The final step is incorporating visualization. Visualization doesn’t necessarily mean visuals (although you can certainly include visual aids in your storytelling). Instead, visualization is about painting a picture—with words or images—about what your data means and where it’s going to lead you.

Great orators all have the gift of creating a shared vision through the power of their words. The story you tell using your data should similarly unite your team around a common goal: using your data to serve your customers better and grow your business.

Why Does It Matter?

Storytelling is one of the oldest human traditions for a reason. It’s how we find shared meaning and sense of purpose in the world. And when you create a compelling story around your data, it’s how you inspire your team to rally around that data and take necessary action.

Those who are in the field of data science might glance through the raw numbers, quickly and easily interpret the figures there, and feel inspired. But for others who don’t have a background in this specialized area, there is less impetus to act on those data points without some messaging around the digits.

Oftentimes, turning to our data helps us find radical new ways to run our business. These deviations from the status quo might feel risky, scary, or uncomfortable for those who are used to the current way of operating.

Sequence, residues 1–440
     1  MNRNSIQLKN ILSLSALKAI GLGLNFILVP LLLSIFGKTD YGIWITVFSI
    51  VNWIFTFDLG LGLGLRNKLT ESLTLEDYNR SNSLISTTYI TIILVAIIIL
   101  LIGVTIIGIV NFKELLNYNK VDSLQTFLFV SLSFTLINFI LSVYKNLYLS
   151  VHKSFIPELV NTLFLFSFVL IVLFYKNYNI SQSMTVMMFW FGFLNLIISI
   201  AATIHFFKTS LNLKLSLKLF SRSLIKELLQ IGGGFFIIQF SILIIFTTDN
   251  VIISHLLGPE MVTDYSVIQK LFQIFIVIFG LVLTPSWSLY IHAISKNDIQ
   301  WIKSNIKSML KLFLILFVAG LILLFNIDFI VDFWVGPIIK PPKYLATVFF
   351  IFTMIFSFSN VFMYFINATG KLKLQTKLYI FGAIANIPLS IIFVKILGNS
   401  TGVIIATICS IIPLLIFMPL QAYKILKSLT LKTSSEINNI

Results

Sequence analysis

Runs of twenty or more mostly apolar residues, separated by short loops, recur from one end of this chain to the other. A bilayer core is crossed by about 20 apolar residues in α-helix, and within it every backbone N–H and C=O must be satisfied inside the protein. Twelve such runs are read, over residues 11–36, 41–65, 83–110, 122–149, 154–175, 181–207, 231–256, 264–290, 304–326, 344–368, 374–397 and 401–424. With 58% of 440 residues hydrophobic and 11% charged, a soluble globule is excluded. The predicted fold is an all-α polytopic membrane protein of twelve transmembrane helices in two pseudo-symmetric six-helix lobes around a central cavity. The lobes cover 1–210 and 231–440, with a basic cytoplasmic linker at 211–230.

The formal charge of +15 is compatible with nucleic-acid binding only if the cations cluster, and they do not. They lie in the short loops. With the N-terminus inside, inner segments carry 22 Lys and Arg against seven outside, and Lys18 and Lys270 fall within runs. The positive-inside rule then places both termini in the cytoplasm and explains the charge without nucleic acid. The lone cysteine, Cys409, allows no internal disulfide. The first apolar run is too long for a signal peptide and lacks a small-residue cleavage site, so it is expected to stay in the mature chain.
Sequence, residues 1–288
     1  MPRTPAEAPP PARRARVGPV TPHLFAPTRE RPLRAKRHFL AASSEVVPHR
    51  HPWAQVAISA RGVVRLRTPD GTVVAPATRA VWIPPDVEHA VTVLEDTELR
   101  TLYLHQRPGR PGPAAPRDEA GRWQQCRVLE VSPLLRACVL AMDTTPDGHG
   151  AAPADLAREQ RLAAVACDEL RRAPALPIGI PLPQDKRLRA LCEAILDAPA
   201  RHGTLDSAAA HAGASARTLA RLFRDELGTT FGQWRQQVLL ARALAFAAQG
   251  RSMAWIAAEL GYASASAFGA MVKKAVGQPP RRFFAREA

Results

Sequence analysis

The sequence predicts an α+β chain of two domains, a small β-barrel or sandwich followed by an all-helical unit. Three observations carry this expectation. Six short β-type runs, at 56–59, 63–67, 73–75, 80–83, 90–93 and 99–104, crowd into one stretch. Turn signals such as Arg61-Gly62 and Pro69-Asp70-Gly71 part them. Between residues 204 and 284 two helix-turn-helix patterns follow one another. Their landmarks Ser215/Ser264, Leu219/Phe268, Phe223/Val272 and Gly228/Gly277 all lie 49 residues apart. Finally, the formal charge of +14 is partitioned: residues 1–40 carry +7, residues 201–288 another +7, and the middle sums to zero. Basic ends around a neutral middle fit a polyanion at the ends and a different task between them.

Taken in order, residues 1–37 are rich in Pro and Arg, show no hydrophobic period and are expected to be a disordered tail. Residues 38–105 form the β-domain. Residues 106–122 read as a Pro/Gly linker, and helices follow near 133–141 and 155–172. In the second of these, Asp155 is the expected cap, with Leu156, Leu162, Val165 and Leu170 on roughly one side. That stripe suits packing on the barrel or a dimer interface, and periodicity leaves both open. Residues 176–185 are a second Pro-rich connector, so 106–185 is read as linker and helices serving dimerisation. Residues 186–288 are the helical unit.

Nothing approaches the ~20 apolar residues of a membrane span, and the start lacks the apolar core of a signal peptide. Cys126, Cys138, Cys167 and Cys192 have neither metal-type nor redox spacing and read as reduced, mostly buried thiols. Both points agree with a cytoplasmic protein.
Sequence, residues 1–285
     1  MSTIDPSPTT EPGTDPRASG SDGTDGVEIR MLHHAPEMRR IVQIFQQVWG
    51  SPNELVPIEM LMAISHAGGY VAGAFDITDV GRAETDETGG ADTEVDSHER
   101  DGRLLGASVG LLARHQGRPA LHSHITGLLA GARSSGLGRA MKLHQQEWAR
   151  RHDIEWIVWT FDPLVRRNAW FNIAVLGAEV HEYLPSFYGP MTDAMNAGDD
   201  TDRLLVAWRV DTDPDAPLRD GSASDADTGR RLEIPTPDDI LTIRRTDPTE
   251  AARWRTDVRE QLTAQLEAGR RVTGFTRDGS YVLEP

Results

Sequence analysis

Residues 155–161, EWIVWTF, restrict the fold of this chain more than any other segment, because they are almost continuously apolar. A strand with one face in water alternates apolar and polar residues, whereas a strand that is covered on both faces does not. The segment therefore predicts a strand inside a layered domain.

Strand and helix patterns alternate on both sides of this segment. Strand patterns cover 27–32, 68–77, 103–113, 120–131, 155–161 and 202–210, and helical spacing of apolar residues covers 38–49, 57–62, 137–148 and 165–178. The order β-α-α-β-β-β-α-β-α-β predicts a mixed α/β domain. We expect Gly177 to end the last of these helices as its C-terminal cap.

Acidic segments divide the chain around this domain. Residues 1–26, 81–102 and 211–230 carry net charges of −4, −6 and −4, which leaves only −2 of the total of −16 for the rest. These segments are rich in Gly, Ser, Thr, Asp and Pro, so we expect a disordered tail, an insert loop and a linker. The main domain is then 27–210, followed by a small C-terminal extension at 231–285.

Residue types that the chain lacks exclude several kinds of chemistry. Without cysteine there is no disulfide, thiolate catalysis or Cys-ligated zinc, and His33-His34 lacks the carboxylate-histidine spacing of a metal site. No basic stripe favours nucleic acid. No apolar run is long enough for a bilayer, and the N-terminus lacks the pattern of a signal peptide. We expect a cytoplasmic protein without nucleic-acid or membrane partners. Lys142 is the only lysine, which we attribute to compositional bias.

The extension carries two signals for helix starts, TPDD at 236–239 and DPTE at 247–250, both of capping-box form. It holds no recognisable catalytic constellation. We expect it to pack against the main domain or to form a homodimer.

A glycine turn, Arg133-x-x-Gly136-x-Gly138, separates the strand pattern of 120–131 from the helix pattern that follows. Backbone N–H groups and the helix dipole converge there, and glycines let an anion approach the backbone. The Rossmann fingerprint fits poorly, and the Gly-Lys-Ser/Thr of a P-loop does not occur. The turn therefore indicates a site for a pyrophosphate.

You might be able to see from the numbers that, in fact, change is necessary; the real risk is in continuing on down the current road. But if you can’t effectively communicate the need for change, people throughout your organization will either feel uninspired to join in your new mission, or worse, will sabotage these new efforts.

Data storytelling is not about forcing everyone on your team to get into the weeds of the data itself. Instead, it’s a way to help the message you receive from the data permeate your entire organization. From there, you can build a culture that’s excited by the prospect of using data to drive smart, strategic change.

Where to Start

When it comes to data storytelling, you might be wondering where to begin. Can I accomplish this with my present team? Do I need to create a new role?

As with our advice on getting your analytics program up and running, it pays to start slowly and methodically with data storytelling. You begin your data analytics program by identifying your points of risk and leverage and setting KPIs. From there, you measure and track those results with data.